CNBC’s Jim Cramer on Tuesday highlighted his list of “dirty dozen” companies that exemplify the losses incurred by investors who funneled their cash into initial public offerings and other risky stocks.
“Some of the most egregious offenders were the dirty dozen that hit you with repeated unsportsmanlike conduct … and ultimately put your portfolio on injured reserve,” he said.
Here are the dirty dozen:
Cramer came up with his list by running a screen on initial public offerings from 2020 and 2021 that are now down 50% or more from their 52-week highs.
This year’s market downturn, spurned by persistent inflation, the Federal Reserve’s interest rate hikes and Russia’s invasion of Ukraine has hit the IPO market hard as investors have turned away from risky growth stocks to more stable names.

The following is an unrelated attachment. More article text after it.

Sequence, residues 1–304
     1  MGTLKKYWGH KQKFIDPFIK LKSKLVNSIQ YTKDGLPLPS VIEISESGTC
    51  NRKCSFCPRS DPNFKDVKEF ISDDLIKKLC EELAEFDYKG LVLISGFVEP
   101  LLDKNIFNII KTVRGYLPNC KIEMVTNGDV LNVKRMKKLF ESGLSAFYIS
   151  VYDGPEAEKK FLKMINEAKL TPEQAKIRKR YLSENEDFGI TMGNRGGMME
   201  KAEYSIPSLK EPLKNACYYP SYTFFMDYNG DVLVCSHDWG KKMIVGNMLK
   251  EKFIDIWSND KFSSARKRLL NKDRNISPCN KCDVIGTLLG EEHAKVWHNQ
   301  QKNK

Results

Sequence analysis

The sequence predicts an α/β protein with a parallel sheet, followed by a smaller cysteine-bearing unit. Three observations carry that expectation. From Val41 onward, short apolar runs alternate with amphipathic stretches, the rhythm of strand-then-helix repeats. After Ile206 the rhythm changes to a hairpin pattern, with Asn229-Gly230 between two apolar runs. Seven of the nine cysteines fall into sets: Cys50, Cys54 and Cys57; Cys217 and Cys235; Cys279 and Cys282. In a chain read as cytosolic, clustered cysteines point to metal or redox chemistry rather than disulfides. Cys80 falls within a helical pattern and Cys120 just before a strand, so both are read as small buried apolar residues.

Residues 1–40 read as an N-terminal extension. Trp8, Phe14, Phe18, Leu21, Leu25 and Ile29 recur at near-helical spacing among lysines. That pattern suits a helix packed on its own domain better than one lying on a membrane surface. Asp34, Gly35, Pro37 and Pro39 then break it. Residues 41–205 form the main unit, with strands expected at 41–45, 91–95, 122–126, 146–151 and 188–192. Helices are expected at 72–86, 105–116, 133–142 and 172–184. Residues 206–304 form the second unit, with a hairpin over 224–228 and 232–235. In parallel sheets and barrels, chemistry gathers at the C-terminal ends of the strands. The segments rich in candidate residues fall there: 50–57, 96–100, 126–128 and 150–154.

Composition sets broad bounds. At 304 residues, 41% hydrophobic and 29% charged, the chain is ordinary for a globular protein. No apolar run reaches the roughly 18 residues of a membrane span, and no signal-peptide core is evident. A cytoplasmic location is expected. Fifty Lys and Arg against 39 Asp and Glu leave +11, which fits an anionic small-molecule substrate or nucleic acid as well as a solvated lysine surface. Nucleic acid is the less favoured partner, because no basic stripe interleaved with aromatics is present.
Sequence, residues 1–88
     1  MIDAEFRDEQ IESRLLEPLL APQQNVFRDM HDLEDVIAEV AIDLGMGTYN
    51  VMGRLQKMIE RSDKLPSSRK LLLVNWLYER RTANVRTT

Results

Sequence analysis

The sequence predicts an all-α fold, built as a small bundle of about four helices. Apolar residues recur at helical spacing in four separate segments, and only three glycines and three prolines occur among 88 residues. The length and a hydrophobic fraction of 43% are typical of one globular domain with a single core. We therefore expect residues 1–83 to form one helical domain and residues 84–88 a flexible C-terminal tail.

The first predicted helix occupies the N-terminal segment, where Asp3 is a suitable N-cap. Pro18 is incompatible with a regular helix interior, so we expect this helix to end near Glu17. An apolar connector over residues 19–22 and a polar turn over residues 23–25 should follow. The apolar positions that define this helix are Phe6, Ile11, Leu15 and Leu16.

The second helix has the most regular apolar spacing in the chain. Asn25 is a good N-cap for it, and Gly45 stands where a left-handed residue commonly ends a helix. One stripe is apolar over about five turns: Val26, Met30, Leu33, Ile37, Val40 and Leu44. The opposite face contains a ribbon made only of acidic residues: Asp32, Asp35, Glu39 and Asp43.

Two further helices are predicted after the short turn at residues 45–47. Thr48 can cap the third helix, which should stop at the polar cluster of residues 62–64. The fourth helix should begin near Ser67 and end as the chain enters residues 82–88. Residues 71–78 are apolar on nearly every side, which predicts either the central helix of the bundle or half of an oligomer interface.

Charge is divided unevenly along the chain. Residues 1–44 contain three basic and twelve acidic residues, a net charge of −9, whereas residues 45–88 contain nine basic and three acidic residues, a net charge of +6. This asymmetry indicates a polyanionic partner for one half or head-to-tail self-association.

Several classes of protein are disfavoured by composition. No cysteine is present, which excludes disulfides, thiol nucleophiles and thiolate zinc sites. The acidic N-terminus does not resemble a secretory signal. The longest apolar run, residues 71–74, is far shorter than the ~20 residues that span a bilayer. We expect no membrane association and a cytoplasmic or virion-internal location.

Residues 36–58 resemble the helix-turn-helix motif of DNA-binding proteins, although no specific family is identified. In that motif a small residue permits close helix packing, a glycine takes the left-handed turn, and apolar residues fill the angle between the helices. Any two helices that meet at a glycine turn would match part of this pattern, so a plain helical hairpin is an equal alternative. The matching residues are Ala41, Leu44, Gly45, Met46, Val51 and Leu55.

U.S.-listed companies raised only $4.8 billion through their initial public offerings in the first half of this year compared to over $155 billion in 2021, according to EY and Dealogic.
Cramer added that the decline in SPACs, or special purpose acquisition companies, is reminiscent of the dotcom collapse.
“Just like the dotcom era, Wall Street brought a new group of investors into the pool – millions of them – and they’re keeling over because the pool is now poisoned,” he said.
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